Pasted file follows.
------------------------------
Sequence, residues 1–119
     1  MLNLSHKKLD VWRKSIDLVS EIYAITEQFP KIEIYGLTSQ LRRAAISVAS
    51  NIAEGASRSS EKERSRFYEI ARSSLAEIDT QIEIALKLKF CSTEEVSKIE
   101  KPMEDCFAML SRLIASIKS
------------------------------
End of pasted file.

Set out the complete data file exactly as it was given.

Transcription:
Sequence, residues 1–119
     1  MLNLSHKKLD VWRKSIDLVS EIYAITEQFP KIEIYGLTSQ LRRAAISVAS
    51  NIAEGASRSS EKERSRFYEI ARSSLAEIDT QIEIALKLKF CSTEEVSKIE
   101  KPMEDCFAML SRLIASIKS